This is a photo of my younger sister and me watching the sun go down on the Kona side of the Big Island of Hawaii with our dear doggie Cuddles! The year was about 1950, and it would have been a mid-week “vacation” with our parents, whose obligations with their church kept them close to home in Hilo over the week-ends. We loved these trips!
Years later when a college girlfriend, Malinda, visited the islands, we decided to fly to the Big Island from Honolulu (where I was living as a young adult) and rent a car to tour around a bit. I told her that we would get the car in Hilo and drive to the Kona side, but that it would take us all day to make the drive. We arrived as planned, and set out along the Hamakua Coast, stopping along the way to admire the stunning coastline and a host of price-winning horses on the Parker Ranch. We arrived at our Kona-side destination in about 2 hours!!
The point of this story is to reflect on how perceptions and perspectives change along the way. One of my favorite authors, Suzette Haden Elgin, in her “Gentle Art of Verbal Self-Defense” explains that one of the principles of good communication is to assume that whatever someone says or believes is true — you just have to figure out what it is true of, or what else the person has to believe in order to see this as the truth for them. So for example, when i told Malinda that our drive from Hilo to Kona was a whole day’s trip, this was true for the little child whose perception of time spent on a car trip from one side of the island to the other was a long long, in fact a day-long trip. From a grown-up perspective, this trip was measured more in terms of not only the actual clock time that passed along the way, but a new sense of appreciation for things beyond the back seat of a car!
So what does this have to do with anything, you might be asking. As I have been searching for a way to find sense in the senseless political wrangling going on now, much of it based, to me, in total ignorance or even worse, wrong-headed intentions, I returned to Suzette’s principle about what is true, and to and my drastic shift in perception about the duration of a simple car trip. Understanding the child’s perspective does not make it “right,” nor does it in any way bring me to re-consider my adult perspective about the time required for the trip. What is re-assuring is that my perspective did change more in the direction of an empirically valid reality – thankfully!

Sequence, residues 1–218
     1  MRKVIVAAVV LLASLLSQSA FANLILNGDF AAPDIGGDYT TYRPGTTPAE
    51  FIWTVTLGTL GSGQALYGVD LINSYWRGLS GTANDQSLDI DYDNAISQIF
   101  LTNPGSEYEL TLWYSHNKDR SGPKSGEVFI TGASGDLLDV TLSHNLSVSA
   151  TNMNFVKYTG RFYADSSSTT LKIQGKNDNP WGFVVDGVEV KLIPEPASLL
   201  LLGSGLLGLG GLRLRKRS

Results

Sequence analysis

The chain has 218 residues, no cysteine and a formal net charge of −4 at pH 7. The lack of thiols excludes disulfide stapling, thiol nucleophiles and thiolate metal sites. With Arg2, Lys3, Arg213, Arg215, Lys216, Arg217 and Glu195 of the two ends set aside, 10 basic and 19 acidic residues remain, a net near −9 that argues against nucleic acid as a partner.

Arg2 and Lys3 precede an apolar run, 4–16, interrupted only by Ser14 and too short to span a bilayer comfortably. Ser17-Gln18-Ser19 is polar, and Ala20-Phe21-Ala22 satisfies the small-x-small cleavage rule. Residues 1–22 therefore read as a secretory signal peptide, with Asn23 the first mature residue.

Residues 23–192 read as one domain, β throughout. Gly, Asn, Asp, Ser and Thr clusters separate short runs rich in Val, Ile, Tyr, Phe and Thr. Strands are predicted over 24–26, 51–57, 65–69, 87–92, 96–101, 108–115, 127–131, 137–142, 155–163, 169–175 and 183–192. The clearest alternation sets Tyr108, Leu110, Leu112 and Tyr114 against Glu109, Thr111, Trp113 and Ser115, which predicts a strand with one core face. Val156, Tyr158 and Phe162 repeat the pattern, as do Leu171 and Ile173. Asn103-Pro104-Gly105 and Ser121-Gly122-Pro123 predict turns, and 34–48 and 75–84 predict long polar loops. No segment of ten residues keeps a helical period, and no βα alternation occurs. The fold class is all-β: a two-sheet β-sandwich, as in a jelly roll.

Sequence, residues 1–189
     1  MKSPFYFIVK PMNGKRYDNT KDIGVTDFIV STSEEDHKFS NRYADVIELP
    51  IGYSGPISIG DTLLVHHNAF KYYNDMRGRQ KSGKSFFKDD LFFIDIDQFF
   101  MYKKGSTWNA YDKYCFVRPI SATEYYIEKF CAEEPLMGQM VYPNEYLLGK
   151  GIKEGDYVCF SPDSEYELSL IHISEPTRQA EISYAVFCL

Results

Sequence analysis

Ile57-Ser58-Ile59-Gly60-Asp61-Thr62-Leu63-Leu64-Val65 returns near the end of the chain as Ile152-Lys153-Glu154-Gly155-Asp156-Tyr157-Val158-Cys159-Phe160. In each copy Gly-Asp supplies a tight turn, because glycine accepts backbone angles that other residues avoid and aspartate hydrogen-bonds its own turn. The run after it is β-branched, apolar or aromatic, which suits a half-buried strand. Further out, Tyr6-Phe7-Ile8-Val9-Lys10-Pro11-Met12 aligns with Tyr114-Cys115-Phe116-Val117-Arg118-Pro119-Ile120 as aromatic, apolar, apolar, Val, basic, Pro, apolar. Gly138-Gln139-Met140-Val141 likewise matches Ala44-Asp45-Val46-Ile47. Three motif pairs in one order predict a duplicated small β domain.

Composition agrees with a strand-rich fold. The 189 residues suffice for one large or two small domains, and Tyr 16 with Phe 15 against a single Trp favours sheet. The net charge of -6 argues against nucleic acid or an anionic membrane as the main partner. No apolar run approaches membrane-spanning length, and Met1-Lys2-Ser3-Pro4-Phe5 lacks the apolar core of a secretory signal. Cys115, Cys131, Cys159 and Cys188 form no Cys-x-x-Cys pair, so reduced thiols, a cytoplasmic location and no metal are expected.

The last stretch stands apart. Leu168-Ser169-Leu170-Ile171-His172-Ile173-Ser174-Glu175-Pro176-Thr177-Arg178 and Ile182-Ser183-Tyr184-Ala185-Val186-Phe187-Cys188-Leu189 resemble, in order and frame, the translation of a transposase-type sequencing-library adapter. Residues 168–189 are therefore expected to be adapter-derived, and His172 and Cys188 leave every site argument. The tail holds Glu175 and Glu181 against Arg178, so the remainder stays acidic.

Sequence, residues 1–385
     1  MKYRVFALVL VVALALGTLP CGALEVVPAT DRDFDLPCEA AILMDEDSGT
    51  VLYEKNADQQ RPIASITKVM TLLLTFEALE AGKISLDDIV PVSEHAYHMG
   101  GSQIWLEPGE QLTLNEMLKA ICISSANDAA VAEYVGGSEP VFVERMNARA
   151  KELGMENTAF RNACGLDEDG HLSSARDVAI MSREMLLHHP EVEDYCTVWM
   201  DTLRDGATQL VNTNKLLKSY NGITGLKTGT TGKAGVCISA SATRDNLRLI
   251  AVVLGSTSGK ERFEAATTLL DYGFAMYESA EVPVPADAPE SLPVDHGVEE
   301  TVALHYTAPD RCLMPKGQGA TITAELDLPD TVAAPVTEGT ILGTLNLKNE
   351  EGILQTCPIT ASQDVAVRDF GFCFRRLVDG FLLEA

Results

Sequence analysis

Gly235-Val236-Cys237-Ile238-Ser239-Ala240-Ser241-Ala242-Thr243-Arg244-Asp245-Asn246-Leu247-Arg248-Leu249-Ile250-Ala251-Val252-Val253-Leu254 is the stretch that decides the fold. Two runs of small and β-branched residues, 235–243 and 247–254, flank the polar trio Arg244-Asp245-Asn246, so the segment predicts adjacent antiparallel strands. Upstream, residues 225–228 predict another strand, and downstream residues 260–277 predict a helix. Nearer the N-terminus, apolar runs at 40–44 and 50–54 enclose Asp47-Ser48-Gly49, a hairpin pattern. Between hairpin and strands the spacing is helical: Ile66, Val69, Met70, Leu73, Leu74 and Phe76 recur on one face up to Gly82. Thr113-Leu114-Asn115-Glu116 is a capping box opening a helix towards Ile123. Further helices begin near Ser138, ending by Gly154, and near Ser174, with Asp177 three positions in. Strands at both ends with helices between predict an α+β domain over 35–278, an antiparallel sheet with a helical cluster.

I could point to many other changes in perspective that I have experienced that are far more significant than this simple example, as I am sure you can too. Some of my earlier notions do not elicit the same kind of humorous reflection. In fact I sometimes regret holding on to misguided perceptions as long as I did. But it is always useful in my own process to focus on what happened to create the change. More often than not, changes for me come about after new life experiences, including new learning, that creates an expanded interest in and appreciation of things far beyond the metaphorical back seat of the car.
The politicians who seem to be entrenched in a damaging and senseless political battle are, in a way, stuck in the back seat of a car somewhere. I am not sure what they see as they gaze at the back of the front seats … some may see their own political fortune, some may see a limited or distorted set of values that create a mind’s eye prison, others see something I cannot even imagine. For some they may never move beyond that back seat. But I hold out hope that the actions, large and small, that happen at the initiative of the larger public, including each of us, somehow get their attention, entice them to take a peak out the window and shift their view beyond that of the back seat. This certainly remains to be seen, but I have to believe that anything is possible. I just hope they do not inflict serious and irreversible damage on the rest of us in the process.